AURORA | A federal judge in California temporarily blocked the end of the temporary protected status program Wednesday, creating some relief for hundreds of thousands of immigrants legally living in the U.S.
Many of those TPS recipients call Aurora home — at least 4,000, according to the El Salvador consulate, located in Aurora.
The Trump Administration said in a memo early this year it would end the TPS program that covers some immigrants from Haiti, Sudan, Nicaragua and El Salvador. The Department of Homeland Security said conditions that prompted the program have improved enough to warrant the return of the immigrants.
For the thousands of Salvadoran immigrants living in Colorado, the news is welcomed. But Aurora Congressman Mike Coffman said in a statement it’s only temporary.
“While this decision is important, it is only temporary. Members of Congress who want to protect TPS families will still need to work for a legislative solution that will provide a path to permanent residency. I have a large Salvadoran community in my Congressional district that has been legally living and working here for almost two decades,” he said in a released statement. “They have had children and grandchildren here, bought homes, started small businesses, and they have become a part of the fabric of our community. They should not be forced to leave.”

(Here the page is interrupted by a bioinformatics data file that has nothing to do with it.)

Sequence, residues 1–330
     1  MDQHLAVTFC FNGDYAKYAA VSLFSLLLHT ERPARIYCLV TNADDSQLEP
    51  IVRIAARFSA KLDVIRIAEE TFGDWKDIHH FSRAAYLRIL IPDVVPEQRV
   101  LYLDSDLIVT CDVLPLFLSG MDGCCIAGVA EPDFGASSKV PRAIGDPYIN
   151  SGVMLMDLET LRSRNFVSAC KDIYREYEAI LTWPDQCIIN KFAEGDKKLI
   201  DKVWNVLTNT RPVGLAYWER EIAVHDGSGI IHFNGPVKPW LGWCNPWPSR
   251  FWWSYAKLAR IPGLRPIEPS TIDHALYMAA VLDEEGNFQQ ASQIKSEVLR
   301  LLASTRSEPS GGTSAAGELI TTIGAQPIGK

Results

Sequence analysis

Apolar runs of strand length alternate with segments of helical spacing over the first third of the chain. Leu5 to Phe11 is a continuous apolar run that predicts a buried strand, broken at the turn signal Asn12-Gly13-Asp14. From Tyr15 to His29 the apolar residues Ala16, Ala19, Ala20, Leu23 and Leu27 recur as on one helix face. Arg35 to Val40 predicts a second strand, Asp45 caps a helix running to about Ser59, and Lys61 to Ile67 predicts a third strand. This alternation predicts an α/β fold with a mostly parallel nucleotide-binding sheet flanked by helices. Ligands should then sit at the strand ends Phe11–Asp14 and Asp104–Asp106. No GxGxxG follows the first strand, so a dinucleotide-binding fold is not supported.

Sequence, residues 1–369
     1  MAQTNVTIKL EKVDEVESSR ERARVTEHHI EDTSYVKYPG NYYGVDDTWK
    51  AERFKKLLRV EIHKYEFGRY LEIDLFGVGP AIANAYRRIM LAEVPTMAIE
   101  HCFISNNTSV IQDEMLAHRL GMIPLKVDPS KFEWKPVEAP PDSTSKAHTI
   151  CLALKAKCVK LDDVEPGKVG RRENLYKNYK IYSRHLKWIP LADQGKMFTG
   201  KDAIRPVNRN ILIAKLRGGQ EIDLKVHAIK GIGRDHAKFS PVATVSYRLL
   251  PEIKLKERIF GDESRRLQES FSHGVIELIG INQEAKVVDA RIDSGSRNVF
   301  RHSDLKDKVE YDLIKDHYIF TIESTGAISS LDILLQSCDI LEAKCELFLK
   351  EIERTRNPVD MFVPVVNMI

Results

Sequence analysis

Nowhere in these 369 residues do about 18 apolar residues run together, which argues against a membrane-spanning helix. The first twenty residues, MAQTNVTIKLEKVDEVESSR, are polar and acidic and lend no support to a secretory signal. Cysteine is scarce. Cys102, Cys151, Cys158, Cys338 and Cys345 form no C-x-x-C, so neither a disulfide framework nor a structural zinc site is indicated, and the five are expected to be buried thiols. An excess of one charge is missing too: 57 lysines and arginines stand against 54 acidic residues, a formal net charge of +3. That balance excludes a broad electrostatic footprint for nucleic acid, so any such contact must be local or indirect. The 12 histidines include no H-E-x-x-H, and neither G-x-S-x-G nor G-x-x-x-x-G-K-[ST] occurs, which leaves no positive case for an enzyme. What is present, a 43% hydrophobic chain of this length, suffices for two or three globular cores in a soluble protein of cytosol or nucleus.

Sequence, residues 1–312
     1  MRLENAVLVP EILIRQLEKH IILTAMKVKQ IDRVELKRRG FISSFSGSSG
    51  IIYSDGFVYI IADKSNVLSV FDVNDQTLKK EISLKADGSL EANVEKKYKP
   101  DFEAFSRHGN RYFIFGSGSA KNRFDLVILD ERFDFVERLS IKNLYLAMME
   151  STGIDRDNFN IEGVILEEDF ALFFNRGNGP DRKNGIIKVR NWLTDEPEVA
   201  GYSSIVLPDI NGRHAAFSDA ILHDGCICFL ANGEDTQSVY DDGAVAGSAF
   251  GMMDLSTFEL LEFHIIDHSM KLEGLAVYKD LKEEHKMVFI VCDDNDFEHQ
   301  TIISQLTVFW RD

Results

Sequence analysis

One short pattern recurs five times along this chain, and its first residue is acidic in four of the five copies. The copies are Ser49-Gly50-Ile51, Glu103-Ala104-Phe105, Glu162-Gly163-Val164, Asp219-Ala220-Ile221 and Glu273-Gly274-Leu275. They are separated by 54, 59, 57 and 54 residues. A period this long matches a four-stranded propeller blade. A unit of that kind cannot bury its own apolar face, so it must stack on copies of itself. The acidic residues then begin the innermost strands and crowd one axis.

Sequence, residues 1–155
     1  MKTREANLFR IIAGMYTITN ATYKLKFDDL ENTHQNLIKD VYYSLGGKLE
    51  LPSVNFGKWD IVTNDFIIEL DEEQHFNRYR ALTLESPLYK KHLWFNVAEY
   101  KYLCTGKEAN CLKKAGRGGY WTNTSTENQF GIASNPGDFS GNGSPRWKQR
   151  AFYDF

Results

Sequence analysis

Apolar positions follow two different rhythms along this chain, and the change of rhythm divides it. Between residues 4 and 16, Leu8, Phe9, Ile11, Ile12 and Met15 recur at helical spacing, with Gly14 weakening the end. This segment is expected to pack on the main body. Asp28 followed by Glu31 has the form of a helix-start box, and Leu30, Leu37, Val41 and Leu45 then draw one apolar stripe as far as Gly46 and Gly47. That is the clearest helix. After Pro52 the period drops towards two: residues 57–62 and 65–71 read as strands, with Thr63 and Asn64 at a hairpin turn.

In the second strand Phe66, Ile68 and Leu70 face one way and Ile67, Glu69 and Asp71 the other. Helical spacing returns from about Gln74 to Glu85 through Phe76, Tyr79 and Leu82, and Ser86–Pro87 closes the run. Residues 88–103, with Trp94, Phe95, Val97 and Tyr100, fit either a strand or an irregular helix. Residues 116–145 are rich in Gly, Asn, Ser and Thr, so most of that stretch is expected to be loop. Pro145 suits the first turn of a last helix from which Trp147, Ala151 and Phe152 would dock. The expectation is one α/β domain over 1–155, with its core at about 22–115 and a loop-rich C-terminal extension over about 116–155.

Coffman sent a letter to DHS last month urging the agency to extend TPS. In that letter Coffman said conditions haven’t improved as much as the administration claims.
He’s also sponsored legislation extending TPS, applying a uniform date to ending the various programs and creating a path to citizenship.
TPS recipients living in Aurora was the focus of a Sentinel investigation earlier this year. Many interviewed for the story said returning to El Salvador is not part of their plan, as they fear deadly gang violence.
US District Judge Edward Chen said in his ruling the Trump administration may have violated the Constitution in eliminating the program, which was set to end Sept. 9, 2019 for Salvadoran immigrants.
“There is also evidence that this may have been done in order to implement and justify a pre-ordained result desired by the White House. Plaintiffs have also raised serious questions whether the actions taken by the Acting Secretary or Secretary was influenced by the White House and based on animus against non-white, non-European immigrants in violation of Equal Protection guaranteed by the Constitution,” Chen wrote in the ruling. “The issues are at least serious enough to preserve the status quo.”
The injunction is effective immediately.
— KARA MASON, Staff Writer